* The Northern Indigenous Community Satellite Network (NICSN) gives 30 remote Ontario, Manitoba and Quebec communities access to a wide range of health, education and other government services.

NICSN, a partnership between Telesat and Industry Canada, is the first inter-provincial community-owned

and operated broadband satellite network in Canada.

Telesat has provided two C-band satellite channels for the federal government to use to provide video, audio and data services to such communities, a contribution the firm estimates is worth $20 million. Industry Canada has kicked in about $12 million.

Dan Pellerin, network manager of K-Net Services, which provides computer services to Keewaytinook Okimakanak in Northern Ontario, said the satellite network will be used to provide a variety of services, including radiology and mental health consultations via videoconferencing, sentencing hearings for citizens in the justice system, economic development, governance and tele-education.

With the additional satellite capacity, K-Net will now be able to connect more communities more quickly and roll out those e-government services, he said, adding NISCN will be able to set up several sites at the same time.

“”As more and more needs and more applications are requested we’ll have the capacity on the ground to accommodate them. It will simply be a matter of making an application for additional bandwidth,”” Pellerin said.

Paul Bush, vice-president of broadcasting and corporate development at Telesat, said the contribution of space will be on the Anik F2 satellite, launched last July.

“”Five or six years ago they were saying, ‘OK, now we’ve got basic phone and TV service, but what we need now in terms of basic service is access to health care and educational services that are equivalent to what they have in other areas of the country,'”” he said.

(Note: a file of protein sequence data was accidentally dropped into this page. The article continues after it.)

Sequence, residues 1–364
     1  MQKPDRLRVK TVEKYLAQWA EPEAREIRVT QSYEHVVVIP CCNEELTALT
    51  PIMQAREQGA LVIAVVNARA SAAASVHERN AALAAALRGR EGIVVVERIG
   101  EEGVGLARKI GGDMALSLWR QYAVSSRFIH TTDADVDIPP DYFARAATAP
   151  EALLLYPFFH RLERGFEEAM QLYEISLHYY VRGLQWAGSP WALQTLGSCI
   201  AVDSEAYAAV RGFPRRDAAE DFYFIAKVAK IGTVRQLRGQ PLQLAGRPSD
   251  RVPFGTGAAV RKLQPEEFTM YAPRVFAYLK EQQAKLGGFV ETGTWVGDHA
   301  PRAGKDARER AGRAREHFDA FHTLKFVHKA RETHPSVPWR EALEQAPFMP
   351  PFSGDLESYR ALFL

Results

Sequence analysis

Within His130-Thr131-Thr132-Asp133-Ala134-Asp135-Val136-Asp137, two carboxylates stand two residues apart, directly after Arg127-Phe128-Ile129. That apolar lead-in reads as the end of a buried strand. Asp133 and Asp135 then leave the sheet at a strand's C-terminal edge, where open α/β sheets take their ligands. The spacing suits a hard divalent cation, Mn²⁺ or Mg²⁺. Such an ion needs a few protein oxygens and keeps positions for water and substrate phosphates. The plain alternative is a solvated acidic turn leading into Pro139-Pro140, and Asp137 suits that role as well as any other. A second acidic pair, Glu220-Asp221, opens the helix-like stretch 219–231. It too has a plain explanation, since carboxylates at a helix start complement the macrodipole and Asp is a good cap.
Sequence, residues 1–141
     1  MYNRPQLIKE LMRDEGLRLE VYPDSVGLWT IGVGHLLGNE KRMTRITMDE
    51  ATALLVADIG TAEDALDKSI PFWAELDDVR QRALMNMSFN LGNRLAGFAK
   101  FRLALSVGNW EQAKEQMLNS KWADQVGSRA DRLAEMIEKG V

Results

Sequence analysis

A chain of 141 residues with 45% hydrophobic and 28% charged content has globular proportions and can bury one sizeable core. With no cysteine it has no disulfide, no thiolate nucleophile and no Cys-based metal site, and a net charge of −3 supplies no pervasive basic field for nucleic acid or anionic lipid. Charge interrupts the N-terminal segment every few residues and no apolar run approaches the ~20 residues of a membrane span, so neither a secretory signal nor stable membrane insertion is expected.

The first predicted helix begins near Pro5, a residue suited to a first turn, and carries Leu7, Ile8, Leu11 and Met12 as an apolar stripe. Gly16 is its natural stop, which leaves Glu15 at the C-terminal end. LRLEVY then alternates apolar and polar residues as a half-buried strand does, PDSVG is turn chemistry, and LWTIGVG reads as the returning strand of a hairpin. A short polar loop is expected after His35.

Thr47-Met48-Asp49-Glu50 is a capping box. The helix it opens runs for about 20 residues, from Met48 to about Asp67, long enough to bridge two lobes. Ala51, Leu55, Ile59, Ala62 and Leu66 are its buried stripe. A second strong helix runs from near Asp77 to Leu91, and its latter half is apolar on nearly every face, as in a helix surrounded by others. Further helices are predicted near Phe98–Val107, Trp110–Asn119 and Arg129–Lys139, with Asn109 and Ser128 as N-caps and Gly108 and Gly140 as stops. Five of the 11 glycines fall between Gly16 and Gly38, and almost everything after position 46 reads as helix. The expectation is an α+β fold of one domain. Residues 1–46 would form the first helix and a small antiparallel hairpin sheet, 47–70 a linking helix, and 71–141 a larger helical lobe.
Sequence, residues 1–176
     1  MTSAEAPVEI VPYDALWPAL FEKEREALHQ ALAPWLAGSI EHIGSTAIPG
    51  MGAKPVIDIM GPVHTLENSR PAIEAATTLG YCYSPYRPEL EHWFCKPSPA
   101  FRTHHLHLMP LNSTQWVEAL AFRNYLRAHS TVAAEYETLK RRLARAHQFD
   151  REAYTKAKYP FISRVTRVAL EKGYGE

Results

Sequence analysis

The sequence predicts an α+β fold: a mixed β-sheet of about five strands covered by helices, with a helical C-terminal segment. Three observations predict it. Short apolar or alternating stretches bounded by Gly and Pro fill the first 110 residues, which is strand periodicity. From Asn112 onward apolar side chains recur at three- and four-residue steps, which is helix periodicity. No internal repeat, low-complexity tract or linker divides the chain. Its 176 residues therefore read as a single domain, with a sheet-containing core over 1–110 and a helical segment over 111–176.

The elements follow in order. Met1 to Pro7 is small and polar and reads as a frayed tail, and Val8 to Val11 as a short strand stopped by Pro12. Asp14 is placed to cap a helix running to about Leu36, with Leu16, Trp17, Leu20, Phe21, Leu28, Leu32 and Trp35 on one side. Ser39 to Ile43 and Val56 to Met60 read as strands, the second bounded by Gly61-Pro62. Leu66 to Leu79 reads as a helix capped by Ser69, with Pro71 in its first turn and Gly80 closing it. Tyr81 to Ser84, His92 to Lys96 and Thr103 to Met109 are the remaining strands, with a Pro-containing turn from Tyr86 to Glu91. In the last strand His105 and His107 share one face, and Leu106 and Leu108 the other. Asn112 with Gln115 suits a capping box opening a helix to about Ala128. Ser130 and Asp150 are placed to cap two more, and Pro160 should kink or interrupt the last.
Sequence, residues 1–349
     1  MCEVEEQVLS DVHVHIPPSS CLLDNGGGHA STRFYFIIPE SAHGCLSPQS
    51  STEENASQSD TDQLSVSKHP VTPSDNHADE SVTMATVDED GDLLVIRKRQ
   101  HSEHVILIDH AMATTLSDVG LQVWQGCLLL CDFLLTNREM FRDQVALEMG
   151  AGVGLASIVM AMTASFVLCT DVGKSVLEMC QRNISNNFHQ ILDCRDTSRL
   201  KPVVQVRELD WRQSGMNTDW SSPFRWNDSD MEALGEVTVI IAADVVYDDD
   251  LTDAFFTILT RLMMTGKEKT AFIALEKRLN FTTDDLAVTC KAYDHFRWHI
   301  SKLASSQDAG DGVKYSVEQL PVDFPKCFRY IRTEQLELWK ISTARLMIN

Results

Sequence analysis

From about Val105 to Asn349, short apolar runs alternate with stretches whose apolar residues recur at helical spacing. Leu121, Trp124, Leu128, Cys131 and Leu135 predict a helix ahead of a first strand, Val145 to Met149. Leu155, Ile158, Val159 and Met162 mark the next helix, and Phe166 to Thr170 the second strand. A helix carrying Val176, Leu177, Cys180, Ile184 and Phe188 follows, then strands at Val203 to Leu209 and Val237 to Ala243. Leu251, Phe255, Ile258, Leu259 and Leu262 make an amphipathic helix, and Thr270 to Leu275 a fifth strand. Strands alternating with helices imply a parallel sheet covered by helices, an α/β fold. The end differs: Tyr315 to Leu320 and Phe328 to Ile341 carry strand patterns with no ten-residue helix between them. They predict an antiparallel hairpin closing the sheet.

—Kathleen Sibley

* Bell Canada has created a new company from which to manage all of its enterprise security offerings and will establish a centre of operations in Ottawa.

Bell Canada Security Solutions Inc. (BSSI) will spearhead Bell’s plan to corner the Canadian market on enterprise security management.

“”We plan to be the largest security organization in Canada,”” said Isabelle Courville, president of Bell Canada Enterprise Group, during a press conference last month.

BSSI will be led by Charles Salameh, formerly Bell’s vice-president of enterprise solutions. The company will offer a wide range of security solutions from managed VPNs to spam and virus protection to identity management services, said Salameh. Bell has provided many of these services for several years and has offered forms of enterprise security since 1995, but this is the first time they will be grouped under one roof.

Because Bell manages a large percentage of the nation’s communications infrastructure, enterprise users may be willing to consider the company as their main security provider as well, said Mary Kirwan, principle of Headfry Inc., a Toronto-based security consultancy.

“”They have a big installed base and customers will probably be happy to buy it all under one roof if they can do it in a way that makes sense for the right price,”” she said.